Cookery students will again fire up their stoves alongside professional chefs, but this year's event will be different to what has been previously known as the Great Chef Series.
This year's event has been re-branded to Restaurant Tasmania and will no longer be supported by Josef Chromy Group.
Tourism Northern Tasmania chief executive Chris Griffin said Drysdale made the decision to relocate the program back to the Northern campus in October last year.
"In mid-April JAC Group proposed to host events at their venue, by which time planning for Restaurant Tasmania was well underway," Mr Griffin said.
"Tourism Northern Tasmania worked with JAC Group to align event dates across the year, to ensure all promoted events had the best chance of success."
The first three years of the Great Chef Series brought culinary rockstars, their talents and entourages to the North to work alongside the TasTAFE cookery students, with the likes of French chef Alain Passard and Brazilian chef Alex Atala passing on techniques, work ethic and flare.
A Josef Chromy Group spokesman said the past two series drew significant media attention for Northern Tasmania, and the winery offered to host and fund the 2019 event.
"JAC was not seeking any government funding, and significant editorial had been secured from The Australian, Gourmet Traveller, Delicious and the New York Times, to drive visitation to Northern Tasmania from the mainland," the spokesman said.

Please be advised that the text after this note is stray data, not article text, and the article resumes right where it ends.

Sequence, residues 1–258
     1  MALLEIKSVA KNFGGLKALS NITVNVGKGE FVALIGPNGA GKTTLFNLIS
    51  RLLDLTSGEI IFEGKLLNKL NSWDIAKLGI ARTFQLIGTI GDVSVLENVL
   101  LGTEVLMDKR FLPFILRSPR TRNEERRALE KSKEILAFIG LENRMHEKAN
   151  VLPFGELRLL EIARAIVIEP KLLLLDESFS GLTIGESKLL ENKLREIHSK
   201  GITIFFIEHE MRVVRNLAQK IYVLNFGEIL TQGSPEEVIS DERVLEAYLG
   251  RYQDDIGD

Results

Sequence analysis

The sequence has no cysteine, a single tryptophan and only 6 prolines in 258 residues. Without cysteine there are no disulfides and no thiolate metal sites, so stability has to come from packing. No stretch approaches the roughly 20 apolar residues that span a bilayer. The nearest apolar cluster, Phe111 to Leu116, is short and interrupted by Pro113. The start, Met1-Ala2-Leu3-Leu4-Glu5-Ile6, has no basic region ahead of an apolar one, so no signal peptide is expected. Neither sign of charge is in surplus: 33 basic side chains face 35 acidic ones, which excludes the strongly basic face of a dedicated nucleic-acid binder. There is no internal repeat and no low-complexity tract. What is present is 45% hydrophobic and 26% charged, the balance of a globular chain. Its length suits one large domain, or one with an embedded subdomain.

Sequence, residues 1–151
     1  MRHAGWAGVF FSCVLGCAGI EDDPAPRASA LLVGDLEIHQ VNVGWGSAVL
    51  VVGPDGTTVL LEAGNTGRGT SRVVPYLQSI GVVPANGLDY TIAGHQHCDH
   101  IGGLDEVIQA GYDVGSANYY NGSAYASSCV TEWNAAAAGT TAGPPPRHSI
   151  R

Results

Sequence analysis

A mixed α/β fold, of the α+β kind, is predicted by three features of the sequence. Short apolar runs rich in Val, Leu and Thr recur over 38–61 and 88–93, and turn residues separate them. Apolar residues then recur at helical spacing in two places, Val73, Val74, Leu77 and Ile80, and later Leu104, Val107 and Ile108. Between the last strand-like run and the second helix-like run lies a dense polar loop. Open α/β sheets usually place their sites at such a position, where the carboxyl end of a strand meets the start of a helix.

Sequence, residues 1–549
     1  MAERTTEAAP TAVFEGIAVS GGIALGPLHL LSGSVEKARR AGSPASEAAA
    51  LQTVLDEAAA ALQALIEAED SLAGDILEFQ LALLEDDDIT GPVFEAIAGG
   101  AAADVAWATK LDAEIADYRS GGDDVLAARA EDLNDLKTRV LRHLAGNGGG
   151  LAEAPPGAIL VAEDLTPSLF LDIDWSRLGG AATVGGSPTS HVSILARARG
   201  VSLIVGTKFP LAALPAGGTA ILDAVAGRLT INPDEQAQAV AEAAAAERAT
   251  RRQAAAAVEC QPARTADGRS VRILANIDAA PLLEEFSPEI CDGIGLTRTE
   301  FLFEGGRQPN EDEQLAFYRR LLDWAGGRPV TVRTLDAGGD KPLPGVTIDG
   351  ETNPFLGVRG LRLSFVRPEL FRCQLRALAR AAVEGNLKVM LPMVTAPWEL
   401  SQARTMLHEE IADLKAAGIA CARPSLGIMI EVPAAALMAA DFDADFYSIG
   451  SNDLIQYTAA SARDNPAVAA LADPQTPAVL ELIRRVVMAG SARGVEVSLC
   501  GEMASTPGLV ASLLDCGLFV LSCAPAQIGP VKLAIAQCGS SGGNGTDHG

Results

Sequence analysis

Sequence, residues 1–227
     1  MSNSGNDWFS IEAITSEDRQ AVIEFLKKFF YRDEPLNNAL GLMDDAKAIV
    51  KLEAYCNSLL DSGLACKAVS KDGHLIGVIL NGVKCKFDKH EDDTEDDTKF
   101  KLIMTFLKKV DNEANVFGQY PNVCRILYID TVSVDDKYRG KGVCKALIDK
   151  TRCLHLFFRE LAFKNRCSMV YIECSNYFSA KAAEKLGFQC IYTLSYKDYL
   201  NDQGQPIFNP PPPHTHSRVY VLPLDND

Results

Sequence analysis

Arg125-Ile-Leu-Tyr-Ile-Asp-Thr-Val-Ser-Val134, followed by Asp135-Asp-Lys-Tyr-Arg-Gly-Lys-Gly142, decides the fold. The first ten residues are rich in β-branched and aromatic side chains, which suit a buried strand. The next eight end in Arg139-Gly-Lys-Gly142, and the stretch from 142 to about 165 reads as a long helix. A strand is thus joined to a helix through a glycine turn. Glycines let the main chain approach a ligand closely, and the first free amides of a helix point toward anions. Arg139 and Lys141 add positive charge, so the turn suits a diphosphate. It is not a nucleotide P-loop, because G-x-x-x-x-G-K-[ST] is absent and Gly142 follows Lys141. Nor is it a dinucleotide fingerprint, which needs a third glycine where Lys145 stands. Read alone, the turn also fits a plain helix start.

Three-hatted chef Paul Carmichael from Momofuku Seiobo in Sydney and hatted chef Matt Stone from Victoria were among those who agreed to waive their appearance fee to work alongside cookery students in what would've been this year's Great Chef Series.
The chefs involved in Restaurant Tasmania will be announced soon.
"Each chef is expected to stay in Tasmania for three to four days as part of the program and have agreed to promote Tasmanian produce and food tourism experiences through their channels," Mr Griffin said.
"This is an innovative, inspiring and uplifting education program for students and apprentices seeking a career in our sector. sector. And we gain three high-quality food events to attract visitors to the region during a period of the year we're seeking to promote - our spring time."
A $50,000 grant has been committed to promote the events, accommodate participating chefs' needs and create marketing content to be profiled via the chefs channels and Tourism Northern Tasmania's partners.
TasTAFE chief executive Jenny Dodd said cookery apprentices would work with the visiting chefs to prepare and cook for the public, while other Drysdale students would get hands-on experience in front-of-house service and events.
"This is a fantastic opportunity for Drysdale students to work closely with experienced chefs to hone their cookery skills, gain inspiration and an insight into life as a professional chef," she said.
Restaurant Tasmania is run by Tourism Northern Tasmania, in partnership with Tourism Tasmania, with Drysdale providing the venue and students.
SIGN UP TO OUR NEWSLETTERS HERE: